Flashcards in EXAM #2: ANTINEOPLASTIC AGENTS Deck (113):
What are the three major cell cycle checkpoints?
What are the specific criteria necessary to proceed through the G1/S checkpoint?
1) Cell nutrition, size, and environment must be favorable for replication
2) DNA must be intact
This check ensures the cell is prepared for DNA replication and to enter S-phase.
What are the specific criteria necessary to proceed through the G2/M checkpoint?
DNA must be completely replicated
This is the checkpoint that ensures the cell is ready to enter mitosis.
What are the specific criteria necessary to proceed through the metaphase/anaphase checkpoint?
1) DNA intact must be intact
2) Chromosomes must be attached to the mitotic spindle
This check ensure that the cell is ready for chromatid separation and is prepared for cytokinesis.
What are the three mechanisms of oncogene formation?
First, an oncogene is a mutated form of a normal gene that supported cellular proliferation i.e. "proto-oncogenes"
1) Point mutations
2) Chromosomal translocation
3) Proto-oncogene duplication/ amplification
How can point mutations lead to the development of an oncogene?
- Change in an amino acid regulatory region in the proto-oncogene product
- Amino acid change that makes the proto-oncogene resistant to degradation
How do chromosomal translocations result in oncogenes? Give an example.
Chromosomal translocation that causes the fusion of two genes, the product of which is the "fusion gene"
E.g. "Philadelphia" chromosome (9 x 22) ABL and BCR in CML
What is a major oncogene that is found in roughly 30% of all cancers?
Ras in involved in cell signaling/ GPCR signaling; mutations leave Ras permanently turned on.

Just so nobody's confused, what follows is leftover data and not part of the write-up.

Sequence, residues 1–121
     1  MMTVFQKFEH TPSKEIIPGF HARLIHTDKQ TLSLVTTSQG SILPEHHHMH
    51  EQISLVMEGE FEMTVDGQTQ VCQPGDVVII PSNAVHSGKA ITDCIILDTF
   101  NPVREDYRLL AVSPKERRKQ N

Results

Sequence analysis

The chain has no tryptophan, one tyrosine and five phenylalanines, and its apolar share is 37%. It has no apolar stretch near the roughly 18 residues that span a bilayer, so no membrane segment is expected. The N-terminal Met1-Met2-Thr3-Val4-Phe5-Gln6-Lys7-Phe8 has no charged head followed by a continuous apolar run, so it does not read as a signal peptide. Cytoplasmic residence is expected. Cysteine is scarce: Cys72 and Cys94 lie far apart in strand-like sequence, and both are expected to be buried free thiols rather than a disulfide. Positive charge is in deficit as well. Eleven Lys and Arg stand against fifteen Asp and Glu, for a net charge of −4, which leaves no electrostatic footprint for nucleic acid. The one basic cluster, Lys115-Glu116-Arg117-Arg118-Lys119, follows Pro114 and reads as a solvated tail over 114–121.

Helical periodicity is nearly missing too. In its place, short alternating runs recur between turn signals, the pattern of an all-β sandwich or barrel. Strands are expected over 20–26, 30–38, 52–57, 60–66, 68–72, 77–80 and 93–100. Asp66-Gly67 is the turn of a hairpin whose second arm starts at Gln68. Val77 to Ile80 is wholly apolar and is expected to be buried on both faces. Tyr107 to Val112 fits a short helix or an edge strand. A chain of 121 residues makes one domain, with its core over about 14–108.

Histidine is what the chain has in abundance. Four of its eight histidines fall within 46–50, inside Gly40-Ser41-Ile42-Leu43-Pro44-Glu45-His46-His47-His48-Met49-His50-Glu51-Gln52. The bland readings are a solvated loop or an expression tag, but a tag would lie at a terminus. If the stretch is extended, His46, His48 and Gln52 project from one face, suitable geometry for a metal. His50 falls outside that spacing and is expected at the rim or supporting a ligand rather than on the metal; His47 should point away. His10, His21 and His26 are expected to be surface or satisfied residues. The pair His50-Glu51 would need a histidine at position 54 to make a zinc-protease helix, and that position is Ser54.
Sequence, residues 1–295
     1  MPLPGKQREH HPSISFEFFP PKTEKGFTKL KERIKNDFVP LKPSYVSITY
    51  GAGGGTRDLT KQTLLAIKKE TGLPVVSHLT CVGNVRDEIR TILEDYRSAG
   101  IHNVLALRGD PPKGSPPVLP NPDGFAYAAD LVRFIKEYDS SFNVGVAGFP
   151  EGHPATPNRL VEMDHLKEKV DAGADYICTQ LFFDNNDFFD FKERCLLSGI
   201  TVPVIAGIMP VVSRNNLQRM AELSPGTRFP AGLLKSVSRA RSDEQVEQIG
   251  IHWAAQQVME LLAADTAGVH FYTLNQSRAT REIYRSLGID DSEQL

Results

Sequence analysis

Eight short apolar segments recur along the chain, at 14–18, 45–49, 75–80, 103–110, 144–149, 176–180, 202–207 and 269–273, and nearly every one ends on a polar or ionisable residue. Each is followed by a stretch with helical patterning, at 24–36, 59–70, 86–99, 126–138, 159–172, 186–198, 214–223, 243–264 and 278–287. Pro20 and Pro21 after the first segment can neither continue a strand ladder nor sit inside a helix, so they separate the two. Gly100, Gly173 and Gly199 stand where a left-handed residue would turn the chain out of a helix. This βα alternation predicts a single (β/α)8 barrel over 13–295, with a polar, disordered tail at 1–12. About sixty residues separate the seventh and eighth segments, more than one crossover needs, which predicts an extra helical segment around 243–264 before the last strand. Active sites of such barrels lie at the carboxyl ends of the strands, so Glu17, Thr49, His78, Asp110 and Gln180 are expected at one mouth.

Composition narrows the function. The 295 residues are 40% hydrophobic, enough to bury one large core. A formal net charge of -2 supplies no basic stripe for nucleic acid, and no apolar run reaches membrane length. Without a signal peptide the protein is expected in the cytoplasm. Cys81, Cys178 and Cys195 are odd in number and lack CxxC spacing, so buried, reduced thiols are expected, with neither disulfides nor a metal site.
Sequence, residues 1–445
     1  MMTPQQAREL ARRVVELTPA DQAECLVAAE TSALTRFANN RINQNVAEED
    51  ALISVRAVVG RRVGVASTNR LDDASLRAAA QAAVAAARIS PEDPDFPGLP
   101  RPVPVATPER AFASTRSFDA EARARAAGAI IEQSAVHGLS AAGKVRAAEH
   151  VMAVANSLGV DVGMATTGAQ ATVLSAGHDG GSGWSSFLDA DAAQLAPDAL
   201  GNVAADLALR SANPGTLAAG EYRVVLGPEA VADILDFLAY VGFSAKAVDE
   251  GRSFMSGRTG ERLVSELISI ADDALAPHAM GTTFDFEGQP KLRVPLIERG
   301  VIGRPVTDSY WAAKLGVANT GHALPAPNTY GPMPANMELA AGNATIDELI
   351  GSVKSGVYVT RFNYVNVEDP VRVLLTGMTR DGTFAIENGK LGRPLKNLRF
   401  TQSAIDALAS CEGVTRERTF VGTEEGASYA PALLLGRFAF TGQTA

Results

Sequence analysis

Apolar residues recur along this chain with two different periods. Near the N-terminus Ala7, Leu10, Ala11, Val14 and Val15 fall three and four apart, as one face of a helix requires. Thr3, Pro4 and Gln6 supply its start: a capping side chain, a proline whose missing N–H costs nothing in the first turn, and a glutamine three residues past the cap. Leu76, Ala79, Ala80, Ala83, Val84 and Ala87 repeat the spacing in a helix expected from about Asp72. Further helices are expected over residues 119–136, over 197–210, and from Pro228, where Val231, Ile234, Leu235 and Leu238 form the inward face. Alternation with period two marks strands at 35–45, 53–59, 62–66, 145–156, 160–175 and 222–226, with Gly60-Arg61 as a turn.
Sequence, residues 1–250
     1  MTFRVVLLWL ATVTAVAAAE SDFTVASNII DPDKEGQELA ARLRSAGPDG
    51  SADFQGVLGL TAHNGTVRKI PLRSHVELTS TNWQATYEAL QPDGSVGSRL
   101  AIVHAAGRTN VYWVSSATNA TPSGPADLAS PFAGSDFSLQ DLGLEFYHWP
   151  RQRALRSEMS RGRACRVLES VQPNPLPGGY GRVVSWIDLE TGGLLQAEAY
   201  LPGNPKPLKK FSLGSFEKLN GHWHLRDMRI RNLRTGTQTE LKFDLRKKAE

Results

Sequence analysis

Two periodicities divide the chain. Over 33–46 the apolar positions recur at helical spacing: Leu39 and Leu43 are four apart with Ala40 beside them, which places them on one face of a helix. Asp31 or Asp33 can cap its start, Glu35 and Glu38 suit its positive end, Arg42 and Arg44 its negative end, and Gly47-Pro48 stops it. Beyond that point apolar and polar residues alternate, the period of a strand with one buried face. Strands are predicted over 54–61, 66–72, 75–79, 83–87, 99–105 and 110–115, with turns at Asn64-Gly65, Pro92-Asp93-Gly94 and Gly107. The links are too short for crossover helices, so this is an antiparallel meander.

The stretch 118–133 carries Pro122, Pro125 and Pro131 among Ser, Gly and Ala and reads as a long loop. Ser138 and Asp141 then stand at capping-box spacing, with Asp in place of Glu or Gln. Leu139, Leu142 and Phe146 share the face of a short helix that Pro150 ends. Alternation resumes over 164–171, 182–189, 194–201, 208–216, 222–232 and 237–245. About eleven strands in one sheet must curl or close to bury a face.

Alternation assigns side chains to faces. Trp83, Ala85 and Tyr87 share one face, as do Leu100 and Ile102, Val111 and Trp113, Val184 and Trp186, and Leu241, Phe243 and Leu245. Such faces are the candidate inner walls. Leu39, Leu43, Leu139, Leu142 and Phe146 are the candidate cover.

Define first order killing of cancer cells i.e. what is the cell kill hypothesis?
This is the chemotheraputic elimination of a FIXED percentage of cancer cells.
****This is first order kinetics*****
What are the four goals of cancer drug therapy?
1) Curative intent
2) Adjuvant therapy
3) Neoadjuvant therapy
List the general characteristics of chemotheraputic drug therapy.
- Drugs are cytotoxic and only PARTIALLY selective
- Low TI
Thus, adverse effects are common.
What are the general mechanisms of resistance to chemotherapeutic agents?
1) Genetic instability
2) Drug efflux pumps/ mutated drug transporters
3) DNA damage repair
4) Cell death inhibition
5) Drug inactivation
- Up-regulation of enzymes that metabolize drugs
6) Drug target alteration
7) Epithelial-Mesenchymal Transition
What types of tumors are easiest to treat with chemotherapy?
Tumors that are RAPIDLY growing
Define curative intent.
Drug therapy is intended to CURE the disease
Define adjuvant therapy.
- Drug given AFTER primary treatment e.g. surgery
- Prevent recurrence
Define neoadjuvant therapy.
Drug given FIRST to SHRINK tumor, making it amenable to surgery
Define palliative therapy.
Therapy intended to relieve symptoms and improve quality of life.
Do most cancers follow the cell-kill hypothesis? Why or why not?
B/c of the cytotoxicity of chemotherapeutic, it is not possible to dose patients in a manner necessary to achieve 1st order kill.
What is a drug efflux pump?
A cellular transporter than "pumps" drugs out
What is Epithelial- Mesenchymal Transition (EMT)?
- Cell loses adhesive properties and becomes motile
- Changes can also cause drug resistance
What are the three general cytotoxic mechanisms to kill cancer cells?
1) Perturb normal DNA replication
2) Perturb mitosis
3) Starve cells of amino acids
What are the three targeted mechanisms to kill cancer cells?
1) Perturb hormone and growth factor signaling
2) Inhibit blood supply to tumor e.g. VEGF
3) Target activating proteins
What are cell-cycle non-specific drugs?
DNA alkylating agents that kill cells in ANY stage
*****Preferentially kill replicating cells*****
What are the S-phase specific drugs?
DNA synthesis inhibitors
What is the mechanism of action of the "antimetabolites?"
Inhibiting de novo nucleotide biosynthesis and generally target cells in S-phase
What is the function of ribonucleotide reductase?
Turning ribonucleotides into deoxyribnucleotides
What is the mechanism of action of methotrexate?
- Anti-metabolite that targets s-phase
- Inhibition of dihydrofolate reductase i.e. the enyzme that makes THF from dihydrofolate